Train the Trainer

Author: Emma Van Ulden

Reading Time: 4 minutes

As a new hockey season begins there is plenty of on and off ice preparation that takes place. The players should be doing strength training and conditioning, the coaches are preparing practice plans and the trainer is recertifying /preparing for potential emergency situations. Most trainers have completed relevant post secondary education as well as ongoing courses. The most common background includes a diploma or Bachelors in either Kinesiology or Physical Education. Some of the continued educational courses include the Alberta Sports Medicine Council’s taping and strapping as well as sports first aid, sports nutrition or a group fitness leader certificate. It is required by Hockey Alberta that at least one person on the bench complete the Hockey Canada Safety program and attend all of the games. Other courses include health care provider CPR, Advanced First Responder, Respect in Sport and Speak Out.

My training career began while I was in Kinesiology at Red Deer College.  I was the trainer for the RDC Kings basketball team and supporting trainer for various individual athletes. Later, I began working for the Red Deer Rampage Major League Lacrosse and was introduced to a whole new sport. I found Lacrosse to be just as rough as hockey but arenas in the summer definitely are not as cold! As I started to deal with more contact injuries I became eager to have more usable skills in my “medical bag of tricks.” I decided to become a registered Emergency Medical Responder with the Alberta College of Paramedics. This was my first official provincial licensing examination, it was stressful but then again so are emergencies!  Not long after this, I strayed from the main stream health care system and dabbled in oilfield emergency medical services.

After I rolled up to the oil rig site, the smell of invert and oil was unsettling. I soon realized I preferred working with athletes; a hockey dressing room packed with 18 sweaty kids doesn’t sound appealing but it was more like home to me than an isolated oil rig. This is when I pulled out the old track suit out of retirement and became an athletic trainer for the Midget AAA team of the Maple Leaf Athletic Club.

 The first day back at the rink is the coldest because it is usually in the middle of August. This is when you can find me putting on an extra sweater, gloves and my track suit before heading onto the bench. The beginning of the season starts with a few weeks of conditioning camps followed by tryouts.  Week one of conditioning camp is the hardest on the players who sat around all summer playing Xbox. Some of the coaches and I like to make farmers bets on who we think will come off the ice first to “tighten their laces.” One of my main concerns during conditioning camps is ensuring any players with medical conditions such as asthma or previous concussions have disclosed this information.  This enables me to be prepared should they require my help. Although some of the players do not want to inform me of any pre existing conditions it becomes quite apparent when the coach calls out “board rushes” which kids have a lower cardiovascular tolerance or have been slackers all summer.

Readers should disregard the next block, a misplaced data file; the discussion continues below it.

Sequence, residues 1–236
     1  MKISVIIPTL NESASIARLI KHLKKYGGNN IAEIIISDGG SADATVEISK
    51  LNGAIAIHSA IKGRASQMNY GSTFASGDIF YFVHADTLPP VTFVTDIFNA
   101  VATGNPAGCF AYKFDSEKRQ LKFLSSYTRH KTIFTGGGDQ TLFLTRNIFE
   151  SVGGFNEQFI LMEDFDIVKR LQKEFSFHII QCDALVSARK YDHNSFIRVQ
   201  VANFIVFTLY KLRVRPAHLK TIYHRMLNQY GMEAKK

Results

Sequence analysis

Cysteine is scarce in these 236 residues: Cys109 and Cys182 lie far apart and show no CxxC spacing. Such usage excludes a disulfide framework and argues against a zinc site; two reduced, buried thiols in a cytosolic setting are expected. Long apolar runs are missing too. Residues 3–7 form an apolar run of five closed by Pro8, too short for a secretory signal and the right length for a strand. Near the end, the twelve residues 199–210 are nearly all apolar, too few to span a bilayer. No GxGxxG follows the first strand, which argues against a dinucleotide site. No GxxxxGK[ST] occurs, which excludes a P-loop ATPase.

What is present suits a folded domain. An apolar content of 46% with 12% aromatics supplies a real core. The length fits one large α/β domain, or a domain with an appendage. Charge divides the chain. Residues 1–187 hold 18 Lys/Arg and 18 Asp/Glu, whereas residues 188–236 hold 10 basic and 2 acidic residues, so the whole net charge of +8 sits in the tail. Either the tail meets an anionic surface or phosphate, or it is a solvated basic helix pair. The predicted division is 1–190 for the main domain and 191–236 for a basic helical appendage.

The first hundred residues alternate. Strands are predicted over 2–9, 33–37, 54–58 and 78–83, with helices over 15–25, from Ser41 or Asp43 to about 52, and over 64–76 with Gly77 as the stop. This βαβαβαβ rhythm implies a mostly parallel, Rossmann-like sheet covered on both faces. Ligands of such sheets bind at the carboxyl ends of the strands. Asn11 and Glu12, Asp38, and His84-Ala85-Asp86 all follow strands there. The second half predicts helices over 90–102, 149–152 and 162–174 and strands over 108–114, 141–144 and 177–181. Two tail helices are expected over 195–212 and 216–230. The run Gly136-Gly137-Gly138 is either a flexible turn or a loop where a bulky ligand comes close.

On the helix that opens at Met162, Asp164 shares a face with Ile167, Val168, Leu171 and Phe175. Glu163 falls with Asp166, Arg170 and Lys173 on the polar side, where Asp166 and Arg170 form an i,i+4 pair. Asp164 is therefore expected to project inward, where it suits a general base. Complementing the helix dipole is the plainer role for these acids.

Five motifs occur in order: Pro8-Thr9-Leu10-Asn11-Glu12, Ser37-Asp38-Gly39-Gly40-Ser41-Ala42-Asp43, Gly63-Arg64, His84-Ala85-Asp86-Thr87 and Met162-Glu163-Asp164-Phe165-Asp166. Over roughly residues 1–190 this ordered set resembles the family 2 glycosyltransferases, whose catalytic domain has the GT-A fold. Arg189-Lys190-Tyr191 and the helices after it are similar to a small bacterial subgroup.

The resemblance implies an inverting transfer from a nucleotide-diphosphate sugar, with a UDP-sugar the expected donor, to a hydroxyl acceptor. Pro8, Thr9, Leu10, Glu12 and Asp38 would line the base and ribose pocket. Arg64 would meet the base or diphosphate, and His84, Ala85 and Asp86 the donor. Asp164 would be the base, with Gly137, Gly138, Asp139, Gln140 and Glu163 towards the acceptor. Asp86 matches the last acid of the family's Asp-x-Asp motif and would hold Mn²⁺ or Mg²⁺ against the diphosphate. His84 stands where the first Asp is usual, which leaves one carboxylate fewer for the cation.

After the grueling conditioning camps are finished the teams start doing tryouts. This process can be physically and mentally draining on athletes. Some players will have performance anxiety because they know they are being evaluated and some will out shine the rest because they like to be watched. It is important for me to talk to players who seem to be having a hard time. There could be an underlying injury they are trying to play through in fear they would get cut because they are hurt or it could be a psychological block. I act as the behind the scenes eyes and ears for my coaching staffing when a players attitude, sportsmanship and personality are being considered. A coach will usually choose a player who may not be the most skilled player on the ice but demonstrates respect, follows directions and is eager to get better versus a well talented player who is stubborn, has a poor attitude or authority issues. It is easy to pick out these players when they pout about ice time, blame other players for a play not working out or bring negativity to the team. I advise kids who feel like they may be getting cut to keep doing their best, have a positive attitude and perhaps approach the head coach to find out what they can work on.

Next week I will discuss the impact parents have on the outcome of tryouts as well as the transition from tryouts to being a team member- you made the cut, now what!?

Emma Van Ulden, BPE

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